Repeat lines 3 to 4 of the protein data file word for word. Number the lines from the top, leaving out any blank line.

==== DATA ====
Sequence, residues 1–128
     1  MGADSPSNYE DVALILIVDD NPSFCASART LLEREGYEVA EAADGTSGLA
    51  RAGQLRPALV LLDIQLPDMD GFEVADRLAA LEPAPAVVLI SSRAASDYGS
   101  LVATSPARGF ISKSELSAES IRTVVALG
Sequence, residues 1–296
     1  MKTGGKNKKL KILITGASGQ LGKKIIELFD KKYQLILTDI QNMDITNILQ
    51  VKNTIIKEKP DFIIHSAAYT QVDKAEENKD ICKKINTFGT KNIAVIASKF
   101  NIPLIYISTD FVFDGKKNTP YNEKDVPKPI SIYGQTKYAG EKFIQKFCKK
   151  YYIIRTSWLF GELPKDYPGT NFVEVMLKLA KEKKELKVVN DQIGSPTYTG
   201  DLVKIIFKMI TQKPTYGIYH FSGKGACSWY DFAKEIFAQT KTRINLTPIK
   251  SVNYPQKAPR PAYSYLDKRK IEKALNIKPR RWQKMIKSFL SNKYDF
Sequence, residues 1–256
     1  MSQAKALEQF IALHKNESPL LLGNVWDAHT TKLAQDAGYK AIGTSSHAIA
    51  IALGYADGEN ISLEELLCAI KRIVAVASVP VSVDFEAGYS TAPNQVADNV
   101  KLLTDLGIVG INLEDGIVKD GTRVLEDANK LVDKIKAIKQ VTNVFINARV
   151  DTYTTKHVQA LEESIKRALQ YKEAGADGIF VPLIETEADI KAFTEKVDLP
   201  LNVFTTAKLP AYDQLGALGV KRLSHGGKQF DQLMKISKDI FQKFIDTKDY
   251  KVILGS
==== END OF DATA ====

    51  RAGQLRPALV LLDIQLPDMD GFEVADRLAA LEPAPAVVLI SSRAASDYGS
   101  LVATSPARGF ISKSELSAES IRTVVALG